Toto Wolff says Mercedes was fortunate to survive a gearbox issue that “can be an instant kill” and is hopeful of a swift countermeasure after a tense Austrian Grand Prix.
Valtteri Bottas and Lewis Hamilton appeared to be dominating the opening round of the 2020 Formula 1 season when they started to receive warnings from their engineers about a gearbox sensor issue.
The problem had seemingly already ended Lance Stroll’s race in the Mercedes-engined Racing Point, and with main challenger Max Verstappen dropping out early Mercedes implored its drivers to be cautious around the aggressive Red Bull Ring circuit to avoid aggravating the problem.
“The situation was pretty serious right away from the start,” said Mercedes team boss Wolff.
“We saw it started with issues on Valtteri’s car but it was something that can be an instant kill. And then it started on Lewis’s car.
“We didn’t really know what it was, we know it was somehow linked to vibration and agitation of the car.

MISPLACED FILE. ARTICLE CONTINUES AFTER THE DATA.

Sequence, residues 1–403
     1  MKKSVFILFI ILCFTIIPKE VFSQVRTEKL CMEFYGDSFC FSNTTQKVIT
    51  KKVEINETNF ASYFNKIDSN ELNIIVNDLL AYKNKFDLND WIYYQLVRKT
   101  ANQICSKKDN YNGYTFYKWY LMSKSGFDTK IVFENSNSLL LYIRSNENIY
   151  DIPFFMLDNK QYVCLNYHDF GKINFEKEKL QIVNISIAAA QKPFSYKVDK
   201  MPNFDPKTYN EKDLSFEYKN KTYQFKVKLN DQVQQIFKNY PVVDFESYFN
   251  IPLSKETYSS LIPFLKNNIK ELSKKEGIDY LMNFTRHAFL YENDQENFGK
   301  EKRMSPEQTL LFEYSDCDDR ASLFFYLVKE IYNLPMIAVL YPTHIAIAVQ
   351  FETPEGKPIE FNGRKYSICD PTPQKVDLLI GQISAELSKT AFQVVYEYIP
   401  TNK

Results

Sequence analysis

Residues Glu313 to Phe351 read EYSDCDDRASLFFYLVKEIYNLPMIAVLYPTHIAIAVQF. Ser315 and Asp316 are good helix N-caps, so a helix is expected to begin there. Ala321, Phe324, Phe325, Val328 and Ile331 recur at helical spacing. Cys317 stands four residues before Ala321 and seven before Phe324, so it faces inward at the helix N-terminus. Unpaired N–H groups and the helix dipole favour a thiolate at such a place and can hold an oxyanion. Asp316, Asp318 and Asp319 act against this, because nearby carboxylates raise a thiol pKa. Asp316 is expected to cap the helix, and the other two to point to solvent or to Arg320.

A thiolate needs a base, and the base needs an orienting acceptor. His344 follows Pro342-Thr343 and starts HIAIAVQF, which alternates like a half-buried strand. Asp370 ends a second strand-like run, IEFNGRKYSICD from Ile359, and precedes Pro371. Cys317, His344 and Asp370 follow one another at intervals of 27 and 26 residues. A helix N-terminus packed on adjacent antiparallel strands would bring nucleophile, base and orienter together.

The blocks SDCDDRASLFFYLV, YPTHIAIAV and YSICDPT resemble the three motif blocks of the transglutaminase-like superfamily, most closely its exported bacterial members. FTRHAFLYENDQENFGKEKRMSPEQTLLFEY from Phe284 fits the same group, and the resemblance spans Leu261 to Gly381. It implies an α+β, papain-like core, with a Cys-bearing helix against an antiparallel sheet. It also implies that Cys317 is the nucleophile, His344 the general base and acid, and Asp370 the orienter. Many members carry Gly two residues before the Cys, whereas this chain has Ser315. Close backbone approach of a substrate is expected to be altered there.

“And that’s why we advised them very early on, to keep off the kerbs.
“At a certain stage, it looked like we would not finish the race with both cars. So we were trying to really cruise home.”
Wolff said the Red Bull Ring layout, which invites drivers to attack kerbs on entry and exit, is the hardest test of a car all season.
He said it was nothing to do with the long break caused by the coronavirus pandemic, which means teams have not run their 2020 cars properly in more than four months since pre-season testing finished.
“I think the reliability issues here come from the kerbs,” he said. “It’s a great track. But if you run the kerbs too wide, which is within the rules, you damage your suspension.
“So it is a permanent evaluation of the driver how quickly you want to go, how much you want to ride the kerbs.
“And obviously, by nature they want to go as quick as possible and if you do that, you risk a suspension damage of aberrations to the car that can break it.”
F1’s unique 2020 calendar forced by the coronavirus pandemic means the Red Bull Ring is hosting another grand prix next week.
Wolff expects the trackside reliability team to “solve that problem”.
“From what I understand there are solutions that we can at least improve the situation,” he said when asked by The Race about the nature of an immediate fix.
“Austria is for sure stressing these parts on the car most in all of the season.
“So if we find a way around protecting the car next weekend we should be fine.
“But I think we have ideas.”